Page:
“What’s really cool is the cars bring everyone together,” Burgess said. “We have some rich guys, but there is no pretense out here. If it has a steering wheel and wheels, and you are passionate about it, you’re welcome. Tell us about it, and let us embrace it too.”
The owners host a variety of special events such as auto shows and charity fundraisers. They also invite the public to monthly Saturday morning “Chrome and Coffee” chats, where they can visit the garages, share information and network.
Iron Gate sits on a 45-acre site at 2212 Ferry Road, just west of Illinois Route 59. The low-slung buildings are finished with concrete siding, stone wainscoting and steel gabled roofs. When completed, the community will have 13 buildings and an automotive retail center.
Prices start at $129,000 for the smallest unit, which measures 20 feet by 40 feet. Seven floor plans are available. The garages come with a viewing loft, 14-foot-by-18-foot overhead garage doors, radiant heat, plumbing, floor drain and sprinklers. Round-the-clock security is provided. End units can have balconies and decks. Roof gables afford some units a third-level option.
Owners pay for their utilities as well as assessments, which are based on the amount of square footage owned, to the condo association. The smallest units pay about $55 a month.
George Mann, a Naperville insurance broker, is mainly a Porsche guy. He has a 1956 Porsche 356, 1962 Porsche 356, 2015 Porsche 911 and 1958 Dodge Sweptside pickup truck. He used to keep these and others in scattered locations, but the condo is more convenient, he said.
“You’re not likely to use something when it’s difficult to get to,” he said. “Now I’m 3 miles from my office. This gives me the ability to easily swap out if I decide to drive something different.”
Mann combined two large units and outfitted the space with high-end kitchen appliances, wine chiller, bathroom, washer and dryer, central vacuum and entertainment system. The deck and patio overlook the adjacent nature preserve.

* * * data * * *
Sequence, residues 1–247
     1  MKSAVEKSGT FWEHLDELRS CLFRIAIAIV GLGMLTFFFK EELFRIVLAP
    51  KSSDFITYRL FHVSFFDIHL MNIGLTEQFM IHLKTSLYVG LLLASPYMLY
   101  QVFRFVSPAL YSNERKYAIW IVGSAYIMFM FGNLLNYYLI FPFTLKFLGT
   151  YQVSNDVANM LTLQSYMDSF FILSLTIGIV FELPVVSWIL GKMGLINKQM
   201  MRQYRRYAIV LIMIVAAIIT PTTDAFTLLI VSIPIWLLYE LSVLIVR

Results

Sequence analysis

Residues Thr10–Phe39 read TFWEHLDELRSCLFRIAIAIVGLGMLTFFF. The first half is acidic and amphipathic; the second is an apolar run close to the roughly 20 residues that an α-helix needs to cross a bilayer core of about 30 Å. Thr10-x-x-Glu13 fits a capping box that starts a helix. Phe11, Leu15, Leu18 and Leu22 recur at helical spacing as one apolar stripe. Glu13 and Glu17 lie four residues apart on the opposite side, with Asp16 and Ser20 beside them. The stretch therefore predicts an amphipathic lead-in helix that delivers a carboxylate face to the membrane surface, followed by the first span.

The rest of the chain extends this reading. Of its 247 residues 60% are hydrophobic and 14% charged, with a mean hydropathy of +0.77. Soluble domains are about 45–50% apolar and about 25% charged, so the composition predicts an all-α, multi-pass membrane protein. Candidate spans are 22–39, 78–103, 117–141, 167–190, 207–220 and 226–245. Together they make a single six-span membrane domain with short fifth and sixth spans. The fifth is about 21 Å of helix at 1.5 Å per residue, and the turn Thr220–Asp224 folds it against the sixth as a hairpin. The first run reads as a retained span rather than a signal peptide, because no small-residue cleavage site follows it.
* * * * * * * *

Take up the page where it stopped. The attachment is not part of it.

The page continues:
“We have friends out to watch the Bears game or to cook a meal,” Mann said. “It’s a great place to entertain, drink some wine and have fun.”
Although many have characterized the garage condos as ultimate man caves, owner Dave Kelsch of Naperville disagrees.
“It’s more of a family cave,” he said. “We’ve gotten so much use from the space beyond what I expected. The entire family enjoys it.”
Kelsch, who owns a communications wiring firm, combined three smaller units beneath a roof gable. He can display his 1969 Chevrolet Camaro, which was the pace car for the Indianapolis 500 that year; 2010 Audi R8; and two Teslas, a 2012 P85 and 2015 P90D; and has space for more. He also put in a lift, so he can work on or stack his cars.
The loft has a kitchen, wet bar and entertainment center, while the third level is the music floor. On the walls are mounted nearly two dozen electric and acoustic guitars, another of Kelsch’s collections. To one side is a setup of drums, bass rig, keyboard and other instruments, just waiting to be played.
“I play a little, but my son plays in a band,” Kelsh said. “He has friends who play. They come over here to jam. Obviously, the neighbors won’t complain.”